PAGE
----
Using email effectively to communicate is essential in today’s world. After all, it is the single most-used communications tool in business and law firms.
Email is easy to use and gives the recipient the flexibility to reply when time permits, providing for effective management of our time among the numerous projects and distractions that come at us throughout the work day. It is also a resource that keeps a record of the online communication that you can refer back to at any time, either by reviewing the conversation string or by keyword searches. This is an invaluable feature if you’re looking to confirm what you said or what the response was to a question or the status of a project.
Because email is so vital to the modern workplace, it’s important to ask yourself: Am I using it effectively?
Email Best Practices
Using email in business is much different from using it for personal use. Brevity is important. (You’re not writing a letter to update family and friends of your recent vacation experience.) While it might take a bit more time to craft your email to be as targeted as possible, the recipient will be thankful that you are not sending unnecessary content that they need to weed through to get to the heart of the message.
Some email communication tips to consider are:
- Use bullet points to call attention to important details.
- When asking a question (or set of questions), be clear and specific in what you are asking and what you need in response. Not being clear only adds to generating additional emails unnecessarily, wasting both your time and the recipient’s time.
- Be mindful of your tone. It is easy to send the wrong message by coming off as angry or snarky. Always be professional.
- Avoid using ALL CAPS; no one likes to feel like they are being yelled at.
- Use spellcheck, and avoid typos. Most programs have autocheck built in, so if it is not turned on, consider doing so. Just be sure to check it before accepting its changes, because it could complete a typo with a wrong word choice.
- Read your message before you hit send. Review for accuracy and grammatical mistakes. When I have an important email to send, I often save it to my draft folder and return to it after a short period of time for a fresh look.
- Be mindful of how many people you copy on the email. It may be important to include the whole team, but often you are only looking for a specific person to respond.
- If a response is needed by a certain time or date, make sure you note that clearly.
Get (and Give) the Correct Response
Getting the responses you need to the inquiries in your email message is important. Unfortunately, sometimes people respond without reading too closely. Once you have worked with the people on your team or key attorneys in your law firm for a period of time, you most likely know who responds without answering your question. How often do you request a response that is either open-ended, or ask a multi-part question and get a single-word response of “yes” or “no”? If you have to follow-up again to get the response you need, so be it.
Responding to Emails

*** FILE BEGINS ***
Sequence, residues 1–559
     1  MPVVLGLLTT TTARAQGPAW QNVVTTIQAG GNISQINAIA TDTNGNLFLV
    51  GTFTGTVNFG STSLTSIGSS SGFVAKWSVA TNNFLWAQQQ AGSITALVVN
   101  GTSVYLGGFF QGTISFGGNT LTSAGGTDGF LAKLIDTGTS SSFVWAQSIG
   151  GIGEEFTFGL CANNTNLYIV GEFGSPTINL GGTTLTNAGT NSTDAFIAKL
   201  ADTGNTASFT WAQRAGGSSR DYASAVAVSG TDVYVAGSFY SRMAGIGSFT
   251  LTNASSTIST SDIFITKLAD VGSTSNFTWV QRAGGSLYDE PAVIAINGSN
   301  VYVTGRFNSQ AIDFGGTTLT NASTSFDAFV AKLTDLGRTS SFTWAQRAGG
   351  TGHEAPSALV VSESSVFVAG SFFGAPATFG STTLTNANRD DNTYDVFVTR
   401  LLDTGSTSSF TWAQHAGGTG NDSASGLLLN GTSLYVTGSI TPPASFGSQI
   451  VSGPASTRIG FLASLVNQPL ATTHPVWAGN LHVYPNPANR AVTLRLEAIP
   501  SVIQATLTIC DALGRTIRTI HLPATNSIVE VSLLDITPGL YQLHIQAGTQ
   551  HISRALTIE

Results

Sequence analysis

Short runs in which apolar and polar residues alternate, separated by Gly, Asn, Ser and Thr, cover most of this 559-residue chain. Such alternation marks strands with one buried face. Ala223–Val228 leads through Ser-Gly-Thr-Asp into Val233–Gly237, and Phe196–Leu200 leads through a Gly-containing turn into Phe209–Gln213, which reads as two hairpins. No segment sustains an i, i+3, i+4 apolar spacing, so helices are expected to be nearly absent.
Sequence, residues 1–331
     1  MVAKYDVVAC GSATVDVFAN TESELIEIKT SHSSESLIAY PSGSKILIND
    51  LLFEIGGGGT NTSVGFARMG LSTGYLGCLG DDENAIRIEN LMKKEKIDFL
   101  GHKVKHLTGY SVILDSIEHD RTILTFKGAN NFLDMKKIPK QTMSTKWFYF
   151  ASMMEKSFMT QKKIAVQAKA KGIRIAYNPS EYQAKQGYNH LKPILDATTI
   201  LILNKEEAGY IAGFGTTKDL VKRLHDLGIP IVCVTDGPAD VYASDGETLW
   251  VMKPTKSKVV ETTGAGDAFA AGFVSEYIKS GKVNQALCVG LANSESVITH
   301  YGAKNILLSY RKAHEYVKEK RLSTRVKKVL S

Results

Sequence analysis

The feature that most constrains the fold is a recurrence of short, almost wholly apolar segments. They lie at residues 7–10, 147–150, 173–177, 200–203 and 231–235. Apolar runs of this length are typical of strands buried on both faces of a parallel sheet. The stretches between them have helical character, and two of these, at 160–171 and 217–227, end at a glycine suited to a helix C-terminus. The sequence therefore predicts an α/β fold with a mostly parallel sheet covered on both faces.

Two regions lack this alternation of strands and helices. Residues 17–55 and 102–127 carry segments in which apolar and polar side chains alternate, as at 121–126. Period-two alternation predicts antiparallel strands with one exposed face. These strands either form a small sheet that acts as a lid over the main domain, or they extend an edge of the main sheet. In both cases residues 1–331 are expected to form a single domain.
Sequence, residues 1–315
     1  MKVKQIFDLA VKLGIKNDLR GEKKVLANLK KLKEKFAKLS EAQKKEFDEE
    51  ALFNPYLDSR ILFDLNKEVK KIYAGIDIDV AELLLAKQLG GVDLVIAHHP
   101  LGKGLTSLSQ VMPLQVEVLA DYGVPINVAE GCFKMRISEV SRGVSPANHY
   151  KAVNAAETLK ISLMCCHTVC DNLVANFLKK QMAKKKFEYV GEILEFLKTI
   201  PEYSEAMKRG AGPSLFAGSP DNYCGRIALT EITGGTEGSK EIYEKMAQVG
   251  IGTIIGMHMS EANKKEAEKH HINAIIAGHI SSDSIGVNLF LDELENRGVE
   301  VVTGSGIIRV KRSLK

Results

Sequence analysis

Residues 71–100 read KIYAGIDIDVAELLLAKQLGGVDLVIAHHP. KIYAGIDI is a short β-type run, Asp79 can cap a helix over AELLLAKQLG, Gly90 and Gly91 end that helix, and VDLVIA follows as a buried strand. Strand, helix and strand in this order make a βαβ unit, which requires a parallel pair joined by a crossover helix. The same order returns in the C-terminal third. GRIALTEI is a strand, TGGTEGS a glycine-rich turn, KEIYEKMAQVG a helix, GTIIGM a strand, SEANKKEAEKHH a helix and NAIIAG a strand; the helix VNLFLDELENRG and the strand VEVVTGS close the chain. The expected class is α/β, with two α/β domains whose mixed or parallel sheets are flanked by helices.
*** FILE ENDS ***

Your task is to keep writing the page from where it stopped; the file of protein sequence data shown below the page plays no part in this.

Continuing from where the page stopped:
Take the time to read an email message and understand how to respond. Not responding correctly just adds to the ongoing email chain and clogs the system with additional unnecessary emails. This wastes time and effort better spent on actual project work.
Consider not responding right away after reading the email. This will give you time to digest the message. Often, our first thoughts may not be the best response. Waiting one or two hours may result in a better response.
Some simple tips to keep in mind as a recipient:
- If you are unable to give the email the full attention it needs, reply with a short note stating you will review it later. Of course, give some indication of when the sender can expect a response. That lets the sender know you have seen the email and prevents premature follow-up from the sender.
- When responding, make sure you address and answer the questions clearly so the sender knows your intent.
- Always acknowledge having received an email. It is important to let the sender know that you received their email and the information that was supplied in the message. It can be as simple as “Thank you.”
- Just as with composing an initial email, consider putting your response aside for an hour or so to review it for accuracy and grammar, and perhaps even tone, before sending.
- When responding to multiple questions, make each response its own paragraph or line to separate topics clearly.
Using the Subject Line Correctly
Just like in the children’s story “The Boy Who Cried Wolf,” if you put “important” into every subject line, eventually they will get overlooked. Instead, use the subject line appropriately. State the request or purpose so the recipient knows what the email is about. If you need a response by a certain date, consider ending the subject line with that date. Often, an email string can morph into a new subject. If this is the case, start a new email instead of hitting Reply, or change the subject line. It will be easier to find the information if you need to refer back to an email.
Today’s use of email may be the main means of business communication, but if you find that your email communication is not getting the information you need, take the next step and call the person on the phone. Email is a one-way conversation, and there are times that a phone call is your best way to gather the information you need to complete a project. Being able to ask questions on the fly during a conversation can save a lot of time versus the unnecessary back and forth in email communication.